- Category: National Security
- Published on Thursday, 29 December 2011 11:40
- Written by Admin
- Hits: 624
Nigerian Christians will have "no other option" but to defend themselves if attacks by Islamist militants continue, church leaders have said.
"The consensus is that the Christian community nationwide will be left with no other option than to respond appropriately if there are any further attacks on our members, churches and property," said Ayo Oritsejafor, the president of CAN while speaking at the St Theresa Church outside the capital, Abuja, where 35 people died in the Christmas Day bombings.
He said the attacks were "considered as a declaration of war on Christians and Nigeria as an entity," and that while he did not want to encourage acts of revenge, "Christians should protect themselves... in any way they can".
Mr Oritsejafor said the lack of response by Muslim leaders was an "abdication of their responsibilities", and that the Christian community was also "fast losing confidence in government's ability to protect our rights".
Since then, some 90,000 people have fled their homes amid clashes between Boko Haram and police in Damaturu.
Earlier on Wednesday, six children and an adult were injured when a homemade bomb was thrown into an Islamic school in the southern Delta state.
A police spokesman said the bomb had been thrown from a moving car - it was not clear who was behind the attack, which has raised fears of retaliatory vigilante strikes.
Also, CAN in the South-east geopolitical zone, yesterday condemned the recent bomb blasts across the Northern Nigeria.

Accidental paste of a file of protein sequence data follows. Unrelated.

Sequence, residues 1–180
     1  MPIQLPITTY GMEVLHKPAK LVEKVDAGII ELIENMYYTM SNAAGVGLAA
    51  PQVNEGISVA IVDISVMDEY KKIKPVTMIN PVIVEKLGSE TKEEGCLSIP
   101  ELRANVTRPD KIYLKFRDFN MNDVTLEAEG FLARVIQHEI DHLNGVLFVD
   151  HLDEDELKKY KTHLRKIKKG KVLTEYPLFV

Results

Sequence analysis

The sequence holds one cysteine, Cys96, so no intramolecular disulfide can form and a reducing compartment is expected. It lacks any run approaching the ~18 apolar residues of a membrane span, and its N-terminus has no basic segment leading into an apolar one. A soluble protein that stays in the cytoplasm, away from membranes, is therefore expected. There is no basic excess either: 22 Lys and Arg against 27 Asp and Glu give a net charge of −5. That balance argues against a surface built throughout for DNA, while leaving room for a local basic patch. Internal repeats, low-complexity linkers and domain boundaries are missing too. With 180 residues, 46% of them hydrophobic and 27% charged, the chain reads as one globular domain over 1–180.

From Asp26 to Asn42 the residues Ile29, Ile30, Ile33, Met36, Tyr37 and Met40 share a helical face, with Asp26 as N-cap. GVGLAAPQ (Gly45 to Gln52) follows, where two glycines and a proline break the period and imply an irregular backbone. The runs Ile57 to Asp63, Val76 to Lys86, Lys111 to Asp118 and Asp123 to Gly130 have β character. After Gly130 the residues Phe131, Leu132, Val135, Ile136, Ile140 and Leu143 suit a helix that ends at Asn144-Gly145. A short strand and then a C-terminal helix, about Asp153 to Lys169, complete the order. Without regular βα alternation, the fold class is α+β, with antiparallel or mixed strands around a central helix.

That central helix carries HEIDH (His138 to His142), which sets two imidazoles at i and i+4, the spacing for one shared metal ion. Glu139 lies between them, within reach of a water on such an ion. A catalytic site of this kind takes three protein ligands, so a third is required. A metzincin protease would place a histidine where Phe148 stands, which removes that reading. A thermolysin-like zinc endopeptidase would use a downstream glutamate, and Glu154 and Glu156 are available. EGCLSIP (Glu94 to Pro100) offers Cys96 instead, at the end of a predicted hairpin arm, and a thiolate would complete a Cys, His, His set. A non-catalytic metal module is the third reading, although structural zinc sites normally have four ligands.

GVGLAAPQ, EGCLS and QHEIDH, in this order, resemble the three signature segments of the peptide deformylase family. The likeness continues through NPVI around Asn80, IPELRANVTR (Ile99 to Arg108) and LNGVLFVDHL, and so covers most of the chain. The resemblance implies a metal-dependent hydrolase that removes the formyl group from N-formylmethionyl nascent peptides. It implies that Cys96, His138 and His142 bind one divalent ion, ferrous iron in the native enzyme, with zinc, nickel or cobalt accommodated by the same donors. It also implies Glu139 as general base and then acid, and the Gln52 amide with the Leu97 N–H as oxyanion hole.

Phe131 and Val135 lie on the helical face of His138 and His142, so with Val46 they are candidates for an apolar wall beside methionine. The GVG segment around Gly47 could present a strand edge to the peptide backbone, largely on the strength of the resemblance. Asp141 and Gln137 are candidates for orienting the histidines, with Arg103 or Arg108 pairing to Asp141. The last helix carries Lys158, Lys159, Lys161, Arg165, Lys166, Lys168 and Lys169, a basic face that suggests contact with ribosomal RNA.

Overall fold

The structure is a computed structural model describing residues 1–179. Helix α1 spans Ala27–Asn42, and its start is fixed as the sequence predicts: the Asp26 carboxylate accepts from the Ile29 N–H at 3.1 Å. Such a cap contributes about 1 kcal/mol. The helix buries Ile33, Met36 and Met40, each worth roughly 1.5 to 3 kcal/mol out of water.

In a press statement, the Secretary General of the association, Dr. Joseph Ajujungwa called on President Goodluck Jonathan and security agencies to respond swiftly to the security challenges facing the nation and warned that if such was not done, Christians and other religious groups would be left with no other option than to carry out reprisal attacks on the Islamic sect.
He stressed that the incessant killing of innocent lives, especially Christians across the nation must stop, adding that the association would no longer fold its arms and watch some group of miscreants unleash mayhem on Nigerians. According to the CAN secretary, the impact and consequences of the myriads of bomb blasts in different states do not portray Nigeria in a good light, especially in the league of nations.
“We condemn the bombing on the Xmas day and call for government’s quick intervention to avoid reprisal attacks. We are not happy over the incessant bombings by Boko Haram sect.“CAN South-east zone will not continue to watch our members die like goats every day. We call on the government of President Good luck Jonathan to act fast, else, we shall defend ourselves by ourselves.
Boko Haram: Timeline of terror
- 2002: Founded
- 2009: Hundreds killed when Maiduguri police stations stormed
- 2009: Boko Haram leader Mohammed Yusuf captured by army, handed to police, later found dead
- Sep 2010: Freed hundreds of prisoners from Maiduguri jail
- Dec 2010: Bombed Jos, killing 80; blamed for New Year's Eve attack on Abuja barracks
- 2010-2011: Dozens killed in Maiduguri shootings
- Nov 2011: Co-ordinated bomb and gun attacks in Yobe and Borno states
- Dec 2011: Series of bomb attacks on Christmas Day kills dozens